Choosing a Social Media Channel

Choosing a (new) social media channel?

Here are 5 steps to help make a start:

  1. Know your preferences.
  2. Understand your goal.
  3. Know your audience.
  4. Filter.
  5. Start!


Hi there, bakers, writers, and rock stars. This week on the world we’re looking at choosing a social media channel. So, you already might be on social media and that’s cool, but you might decide that you want to join another channel or you might even decide that you want to separate out your personal from your professional.

So, the question is how do you make that decision? You can make it anywhere you like to be honest. You could have 2 accounts on 1 channel. So say, 2 Facebook accounts or 2 Instagram accounts. You could have 1 on different on several different channels that are all covering all aspects of your life. Where you can have your personal on 1 channel, and your professional on another channel. I don’t really mind how you divvy that up. But the question that I want to answer is how do you choose a channel based on what it is that you want to do with your people that follow you? So, obviously then that creates a question, who are my followers going to be or who would you like your followers to be? So, do you want to engage other researchers? Do you want to engage industry partners? Do you want to engage end users? If you know the answers to those questions then go on. So, if you know that you want to engage end users, so find out who they are, and where they hang out online.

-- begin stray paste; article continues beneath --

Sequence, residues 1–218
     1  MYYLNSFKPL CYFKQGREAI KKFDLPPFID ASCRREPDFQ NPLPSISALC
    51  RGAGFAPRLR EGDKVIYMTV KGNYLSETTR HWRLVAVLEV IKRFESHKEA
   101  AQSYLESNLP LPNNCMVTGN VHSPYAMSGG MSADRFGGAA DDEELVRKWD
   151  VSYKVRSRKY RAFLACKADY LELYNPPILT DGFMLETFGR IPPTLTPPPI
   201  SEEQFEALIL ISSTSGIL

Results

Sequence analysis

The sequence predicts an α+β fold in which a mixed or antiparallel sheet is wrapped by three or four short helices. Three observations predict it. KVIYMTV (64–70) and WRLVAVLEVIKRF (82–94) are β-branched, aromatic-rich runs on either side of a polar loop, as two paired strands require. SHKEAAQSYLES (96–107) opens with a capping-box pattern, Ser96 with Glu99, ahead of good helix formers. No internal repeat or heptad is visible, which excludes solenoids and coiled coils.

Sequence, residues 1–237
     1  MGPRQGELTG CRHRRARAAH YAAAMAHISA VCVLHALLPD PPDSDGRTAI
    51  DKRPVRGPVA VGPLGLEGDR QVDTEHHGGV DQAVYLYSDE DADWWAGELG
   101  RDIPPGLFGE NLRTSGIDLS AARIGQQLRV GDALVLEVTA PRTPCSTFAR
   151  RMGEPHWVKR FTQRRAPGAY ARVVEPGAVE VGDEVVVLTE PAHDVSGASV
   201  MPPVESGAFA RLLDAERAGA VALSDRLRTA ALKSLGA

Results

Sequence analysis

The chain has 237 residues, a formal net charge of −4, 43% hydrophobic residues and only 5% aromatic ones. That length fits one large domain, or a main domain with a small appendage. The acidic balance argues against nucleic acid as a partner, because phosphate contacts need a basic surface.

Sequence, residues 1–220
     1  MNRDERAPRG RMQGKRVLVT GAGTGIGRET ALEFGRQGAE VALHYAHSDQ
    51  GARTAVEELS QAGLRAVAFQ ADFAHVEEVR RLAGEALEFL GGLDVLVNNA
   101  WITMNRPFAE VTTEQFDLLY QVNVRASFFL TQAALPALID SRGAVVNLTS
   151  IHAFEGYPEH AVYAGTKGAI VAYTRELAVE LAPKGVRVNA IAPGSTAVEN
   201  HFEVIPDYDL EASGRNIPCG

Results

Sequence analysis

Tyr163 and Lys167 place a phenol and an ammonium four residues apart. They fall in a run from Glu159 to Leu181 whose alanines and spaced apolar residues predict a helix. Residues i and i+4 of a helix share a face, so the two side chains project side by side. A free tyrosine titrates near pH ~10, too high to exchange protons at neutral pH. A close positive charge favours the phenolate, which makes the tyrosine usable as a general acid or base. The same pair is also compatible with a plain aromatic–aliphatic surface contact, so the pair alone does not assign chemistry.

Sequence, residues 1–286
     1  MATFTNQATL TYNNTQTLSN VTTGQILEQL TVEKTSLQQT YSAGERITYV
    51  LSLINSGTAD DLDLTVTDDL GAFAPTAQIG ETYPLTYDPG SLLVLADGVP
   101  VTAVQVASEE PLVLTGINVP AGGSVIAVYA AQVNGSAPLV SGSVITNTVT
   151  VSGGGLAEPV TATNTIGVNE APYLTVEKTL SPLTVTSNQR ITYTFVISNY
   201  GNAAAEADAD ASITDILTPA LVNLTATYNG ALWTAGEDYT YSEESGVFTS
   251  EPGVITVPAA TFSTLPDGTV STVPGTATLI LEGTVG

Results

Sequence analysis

I’ve found that patient groups hang out a lot on Facebook, and now there are a lot of discussion forums on Facebook. You might also find patient groups in discussion forums on Reddit. If you want to engage industry partners, LinkedIn has a lot of that, and there are people on LinkedIn who look for business to business collaboration or business to individual collaboration on LinkedIn. So, you might hang out there. If you want to engage other researchers, ResearchGate is probably pretty good for that. Similarly, Twitter is really good for other researchers and seeing the research experience. If you want to engage the general public, Instagram is good. And to be honest, TikTok is a rapidly growing social media channel with far more active users than LinkedIn or Twitter. And so, you might find that you should be on TikTok.

So, once you’ve worked out your target audience and where they hang out then you go and hang out in those channels. Now obviously, if you’re joining a Facebook group to do with a certain disease state, jumping in and trying to tell them how to run the world from their Facebook group is not a great way to engender your followers. So, you certainly need to work out what it is that you want to post, and how you’re going to post it. If you’re not comfortable in a discussion forum then maybe you shouldn’t join a discussion forum if you’re not going to contribute to the discussion. Although you might decide to join a discussion forum, so that you could perhaps, take away some of the issues that they have post about or the issues that they feel like they want addressed. Either way, those are some of the ways that you can choose your social media channel.